Not everyone sees it that way; some are saying the NCAA shouldn’t impose a “death penalty” akin to the punishment meted out to Southern Methodist University in the 1980s.
“I’ve been known to call out the NCAA and president Mark Emmert from time to time but now it’s time to turn the finger around and point it at the sports media for demanding the NCAA issue the ‘death penalty’ to Penn State,” contends sportswriter Jim Weber. “As soon as the Freeh Report was released on Thursday, it felt like every sports writer in America with a column screamed at the top of their lungs that the NCAA should shut down the Penn State football program for at least a year.”
He says it’s a “knee-jerk” reaction, intended to fill time in the “24-hour news cycle.”
For the record, this newspaper called for that NCAA action June 27, before former FBI Director Louis Freeh released his report. Regardless of timing, the call still stands.
Penn State’s crimes — and they were indeed crimes — warrant the fullest penalty the NCAA can issue.
Weber acknowledges crimes were committed, but says that’s not something the NCAA should address.
“People forget that SMU was handed the death penalty in 1987 because it egregiously broke NCAA rules and had a history of being placed on probation,” he says. “The message clearly wasn’t getting through, leaving the NCAA almost no choice. But in this case, Penn State broke federal laws, not NCAA rules.”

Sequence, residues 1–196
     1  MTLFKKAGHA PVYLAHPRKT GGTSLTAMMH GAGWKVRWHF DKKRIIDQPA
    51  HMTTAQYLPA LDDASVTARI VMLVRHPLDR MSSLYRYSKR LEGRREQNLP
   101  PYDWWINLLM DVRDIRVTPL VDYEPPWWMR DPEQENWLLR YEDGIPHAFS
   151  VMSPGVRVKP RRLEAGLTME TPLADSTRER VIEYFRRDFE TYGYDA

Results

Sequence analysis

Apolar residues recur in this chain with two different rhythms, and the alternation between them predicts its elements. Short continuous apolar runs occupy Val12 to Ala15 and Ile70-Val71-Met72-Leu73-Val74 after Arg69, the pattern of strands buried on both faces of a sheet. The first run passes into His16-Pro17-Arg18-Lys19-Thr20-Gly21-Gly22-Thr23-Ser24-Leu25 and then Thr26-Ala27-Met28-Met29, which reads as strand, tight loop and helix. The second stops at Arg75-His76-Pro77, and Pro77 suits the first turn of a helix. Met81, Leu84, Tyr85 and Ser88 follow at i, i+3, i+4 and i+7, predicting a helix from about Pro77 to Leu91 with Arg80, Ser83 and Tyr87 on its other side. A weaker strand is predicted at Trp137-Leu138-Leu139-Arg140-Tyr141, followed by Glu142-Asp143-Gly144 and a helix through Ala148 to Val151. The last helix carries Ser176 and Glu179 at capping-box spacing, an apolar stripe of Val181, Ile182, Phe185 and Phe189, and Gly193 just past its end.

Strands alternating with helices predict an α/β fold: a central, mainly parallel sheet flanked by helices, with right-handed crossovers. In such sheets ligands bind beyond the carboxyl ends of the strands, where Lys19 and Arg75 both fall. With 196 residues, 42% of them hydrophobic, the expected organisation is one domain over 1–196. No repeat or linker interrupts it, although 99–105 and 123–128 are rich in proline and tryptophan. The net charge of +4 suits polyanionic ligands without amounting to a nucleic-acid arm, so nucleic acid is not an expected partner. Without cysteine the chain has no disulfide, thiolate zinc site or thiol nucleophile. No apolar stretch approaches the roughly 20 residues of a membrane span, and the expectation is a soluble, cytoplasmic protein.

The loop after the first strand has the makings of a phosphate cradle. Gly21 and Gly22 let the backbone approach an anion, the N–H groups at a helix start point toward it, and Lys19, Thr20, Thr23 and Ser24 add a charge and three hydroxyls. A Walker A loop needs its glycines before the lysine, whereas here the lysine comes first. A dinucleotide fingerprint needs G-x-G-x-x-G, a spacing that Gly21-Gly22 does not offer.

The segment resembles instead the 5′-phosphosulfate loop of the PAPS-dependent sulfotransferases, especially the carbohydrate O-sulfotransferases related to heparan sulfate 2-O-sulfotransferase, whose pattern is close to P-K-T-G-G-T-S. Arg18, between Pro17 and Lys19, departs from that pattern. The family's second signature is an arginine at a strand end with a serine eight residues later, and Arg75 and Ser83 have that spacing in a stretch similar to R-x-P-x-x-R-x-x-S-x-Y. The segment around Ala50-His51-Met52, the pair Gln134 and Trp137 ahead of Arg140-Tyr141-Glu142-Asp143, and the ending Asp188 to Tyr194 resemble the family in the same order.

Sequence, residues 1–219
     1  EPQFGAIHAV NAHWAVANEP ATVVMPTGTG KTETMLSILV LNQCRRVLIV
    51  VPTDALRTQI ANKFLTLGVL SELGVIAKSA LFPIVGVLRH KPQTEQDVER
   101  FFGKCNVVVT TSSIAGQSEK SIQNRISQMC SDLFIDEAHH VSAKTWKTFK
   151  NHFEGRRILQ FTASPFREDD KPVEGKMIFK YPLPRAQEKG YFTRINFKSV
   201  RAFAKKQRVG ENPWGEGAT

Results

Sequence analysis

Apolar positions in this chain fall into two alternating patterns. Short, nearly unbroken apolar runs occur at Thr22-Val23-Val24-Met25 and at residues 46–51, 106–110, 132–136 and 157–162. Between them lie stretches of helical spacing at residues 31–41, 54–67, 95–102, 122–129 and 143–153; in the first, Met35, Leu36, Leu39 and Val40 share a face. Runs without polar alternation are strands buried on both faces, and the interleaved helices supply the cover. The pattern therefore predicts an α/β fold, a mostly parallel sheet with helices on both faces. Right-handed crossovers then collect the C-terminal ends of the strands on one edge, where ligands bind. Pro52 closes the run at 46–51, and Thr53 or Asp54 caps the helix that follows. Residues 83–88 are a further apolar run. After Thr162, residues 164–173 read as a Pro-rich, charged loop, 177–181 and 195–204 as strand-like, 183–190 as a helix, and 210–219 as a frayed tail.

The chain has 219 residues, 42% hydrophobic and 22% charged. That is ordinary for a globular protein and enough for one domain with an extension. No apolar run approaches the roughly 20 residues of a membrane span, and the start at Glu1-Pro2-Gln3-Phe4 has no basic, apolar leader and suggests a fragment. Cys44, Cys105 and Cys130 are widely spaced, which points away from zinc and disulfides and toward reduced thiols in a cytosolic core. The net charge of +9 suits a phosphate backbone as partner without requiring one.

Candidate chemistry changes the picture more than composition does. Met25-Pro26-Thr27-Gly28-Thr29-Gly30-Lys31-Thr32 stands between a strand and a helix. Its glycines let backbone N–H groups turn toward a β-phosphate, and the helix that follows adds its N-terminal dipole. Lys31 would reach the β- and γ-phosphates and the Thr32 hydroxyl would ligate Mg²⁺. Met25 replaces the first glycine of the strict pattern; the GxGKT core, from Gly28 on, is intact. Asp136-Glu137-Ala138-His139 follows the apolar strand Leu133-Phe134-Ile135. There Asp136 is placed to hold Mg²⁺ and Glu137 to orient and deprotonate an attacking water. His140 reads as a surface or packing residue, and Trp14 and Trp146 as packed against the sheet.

But let’s look at the NCAA’s mission. In its own words, “The NCAA was founded in 1906 to protect young people from the dangerous and exploitive athletics practices of the time.”
Of course, the organization initially addressed football injuries, but in the larger sense, protecting “young people from the dangerous and exploitive athletics practices” is exactly what Penn State failed to do.
It seems that Weber and other defenders of Nittany Lion football want the NCAA to stick to sports issues — to keep to its “jurisdiction” — and leave criminal matters to others. But that’s doing a disservice to Penn State and to college athletics as a whole. As coaches never tire of saying, sports build character, and make student athletes more well-rounded citizens.
How can that be squared with giving Penn State a pass on this?
Certainly, SMU’s crimes were egregious. An investigation showed 21 players had received at least $61,000, provided by a booster. The coaching staff was complicit. And when a player blew the whistle, SMU attempted a cover-up.
But for all of that, no one was injured in the scandal. The pain and suffering and psychological damage inflicted on the (so far) 20 victims who have come forward is undeniable. The case cries out for the NCAA to step in and demonstrate that when you break the rules, you lose. Isn’t that the point of college sports?
If the NCAA decides not to act, Penn State should shut down its football program on its own — for a year, at least.
Even that would be getting off light.